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Comment: GBC Is Not Responsible for the Tumbling Bay Weir Repair

Published on: 28 Oct, 2022
Updated on: 30 Oct, 2022

The well-used towpath that crosses Tumbling Bay Weir has been closed since its dramatic collapse in November 2019.

By John Rigg

Cllr John Rigg

Lead councillor for generation and R4GV borough councillor for Holy Trinity

Guildford Borough Council has made every effort to persuade others to come to the table and resolve the matter of replacing the Tumbling Bay weir bridge.

A substantial amount of resources have already been invested in investigating the ownership and responsibility for the weir since the collapse and the clear advice I have received is that Guildford Borough Council is not responsible for the maintenance and repair of the weir, footbridge or sluice gates.

This may not be a surprise to those already aware that we do not own the land, the footpath, the bridge, the River Wey or the Navigation.  Surrey County Council, the Environment Agency, Thames Water and National Trust have varying responsibilities as there is a complex history for the area. However, we cannot ignore advice that it is not our property neither can we force others to the table although we will keep trying.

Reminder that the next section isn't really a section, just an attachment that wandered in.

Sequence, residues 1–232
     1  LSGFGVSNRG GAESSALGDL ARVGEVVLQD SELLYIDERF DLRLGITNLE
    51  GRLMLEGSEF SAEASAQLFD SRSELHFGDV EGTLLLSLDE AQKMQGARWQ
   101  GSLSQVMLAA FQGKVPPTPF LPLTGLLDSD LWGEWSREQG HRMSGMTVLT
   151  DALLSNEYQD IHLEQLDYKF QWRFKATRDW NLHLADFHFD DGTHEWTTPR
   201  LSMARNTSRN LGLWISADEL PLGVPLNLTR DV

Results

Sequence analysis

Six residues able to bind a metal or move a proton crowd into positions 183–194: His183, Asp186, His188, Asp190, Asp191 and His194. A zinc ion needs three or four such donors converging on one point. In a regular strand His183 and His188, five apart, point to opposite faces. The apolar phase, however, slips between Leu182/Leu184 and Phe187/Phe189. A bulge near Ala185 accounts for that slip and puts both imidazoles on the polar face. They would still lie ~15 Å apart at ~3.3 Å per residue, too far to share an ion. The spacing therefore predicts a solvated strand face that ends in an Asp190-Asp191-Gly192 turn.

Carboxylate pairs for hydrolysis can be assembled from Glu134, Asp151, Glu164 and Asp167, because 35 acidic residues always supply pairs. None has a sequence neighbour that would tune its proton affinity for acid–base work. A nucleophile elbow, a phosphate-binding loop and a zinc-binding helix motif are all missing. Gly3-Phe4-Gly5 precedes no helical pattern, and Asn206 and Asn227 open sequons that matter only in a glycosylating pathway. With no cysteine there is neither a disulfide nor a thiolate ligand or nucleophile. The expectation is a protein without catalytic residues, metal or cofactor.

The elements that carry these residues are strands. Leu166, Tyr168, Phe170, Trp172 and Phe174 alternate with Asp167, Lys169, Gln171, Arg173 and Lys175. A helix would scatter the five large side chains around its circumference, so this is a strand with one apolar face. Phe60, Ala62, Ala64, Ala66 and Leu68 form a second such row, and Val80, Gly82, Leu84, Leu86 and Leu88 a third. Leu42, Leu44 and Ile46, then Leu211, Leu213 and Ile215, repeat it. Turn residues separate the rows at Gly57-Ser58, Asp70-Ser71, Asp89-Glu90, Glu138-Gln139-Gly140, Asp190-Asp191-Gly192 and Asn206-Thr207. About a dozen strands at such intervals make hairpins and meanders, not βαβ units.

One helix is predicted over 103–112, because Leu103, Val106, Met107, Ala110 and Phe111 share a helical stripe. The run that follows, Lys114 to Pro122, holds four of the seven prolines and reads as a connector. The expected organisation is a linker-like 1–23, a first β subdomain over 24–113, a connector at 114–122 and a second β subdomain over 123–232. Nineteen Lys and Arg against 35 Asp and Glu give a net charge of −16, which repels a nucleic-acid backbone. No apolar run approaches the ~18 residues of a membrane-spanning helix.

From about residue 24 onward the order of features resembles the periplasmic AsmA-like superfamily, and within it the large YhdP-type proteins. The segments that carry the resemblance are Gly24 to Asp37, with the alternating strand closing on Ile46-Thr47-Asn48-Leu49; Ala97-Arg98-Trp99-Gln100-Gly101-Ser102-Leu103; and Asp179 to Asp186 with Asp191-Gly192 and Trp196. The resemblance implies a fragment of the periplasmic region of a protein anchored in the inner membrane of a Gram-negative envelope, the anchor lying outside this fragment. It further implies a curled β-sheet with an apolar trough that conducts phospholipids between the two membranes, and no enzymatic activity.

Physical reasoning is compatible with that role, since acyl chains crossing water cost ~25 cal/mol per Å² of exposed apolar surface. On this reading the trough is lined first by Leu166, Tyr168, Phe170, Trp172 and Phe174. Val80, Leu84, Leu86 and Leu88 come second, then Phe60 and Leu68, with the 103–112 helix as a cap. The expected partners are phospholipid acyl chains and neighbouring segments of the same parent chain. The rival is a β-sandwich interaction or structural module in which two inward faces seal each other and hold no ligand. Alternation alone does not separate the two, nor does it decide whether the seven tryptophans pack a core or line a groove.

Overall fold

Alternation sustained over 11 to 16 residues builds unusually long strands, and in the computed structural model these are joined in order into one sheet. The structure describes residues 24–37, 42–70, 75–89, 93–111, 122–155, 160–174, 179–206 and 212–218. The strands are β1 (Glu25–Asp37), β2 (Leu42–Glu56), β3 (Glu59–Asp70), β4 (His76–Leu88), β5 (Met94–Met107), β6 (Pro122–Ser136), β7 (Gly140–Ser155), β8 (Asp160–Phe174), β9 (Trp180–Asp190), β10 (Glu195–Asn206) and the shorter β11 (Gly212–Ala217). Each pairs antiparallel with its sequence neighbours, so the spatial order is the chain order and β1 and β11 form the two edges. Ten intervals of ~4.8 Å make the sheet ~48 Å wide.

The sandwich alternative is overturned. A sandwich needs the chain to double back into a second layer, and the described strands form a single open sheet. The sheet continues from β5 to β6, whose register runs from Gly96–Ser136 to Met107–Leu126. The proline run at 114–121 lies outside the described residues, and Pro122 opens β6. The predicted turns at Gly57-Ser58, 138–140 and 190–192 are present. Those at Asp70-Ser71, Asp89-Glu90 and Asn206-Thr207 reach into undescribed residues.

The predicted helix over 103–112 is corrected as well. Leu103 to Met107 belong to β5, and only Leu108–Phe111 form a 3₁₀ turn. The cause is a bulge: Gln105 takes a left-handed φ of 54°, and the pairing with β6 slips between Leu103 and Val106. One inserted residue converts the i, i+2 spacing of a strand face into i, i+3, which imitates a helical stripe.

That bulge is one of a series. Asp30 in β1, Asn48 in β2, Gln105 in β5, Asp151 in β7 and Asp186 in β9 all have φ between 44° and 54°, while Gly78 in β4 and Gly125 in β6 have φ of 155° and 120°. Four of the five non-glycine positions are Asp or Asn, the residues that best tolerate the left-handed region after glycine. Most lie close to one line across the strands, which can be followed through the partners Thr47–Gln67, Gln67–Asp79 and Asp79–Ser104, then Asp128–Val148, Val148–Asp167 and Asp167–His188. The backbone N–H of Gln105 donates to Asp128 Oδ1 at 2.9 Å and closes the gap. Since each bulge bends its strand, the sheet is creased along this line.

However despite the advice, when the weir collapsed and the stretch of water above Millmad lock emptied it was considered an emergency for both the navigation and the water authority who rely on water extraction.

Repairs to the Weir to get the navigation up and running as quickly as possible were essential and rather than prolonged debate GBC felt compelled to contribute to the temporary repairs of the weir undertaken by the National Trust.

This contribution has been consistently misinterpreted as suggesting we are in control and have the solution or expertise to resolve this and more important that we have the resources and funding to cover the millions of pounds potentially required to provide a new weir and footbridge.

It has also been suggested that Guildford Borough Council may be responsible for the weir as it owns the Town Mill and also operates the sluice gates.  In relation to the Mill there is no evidence to link the weir to the current Mill and records suggests that there was an earlier mill in the area to which National Trust link the weir.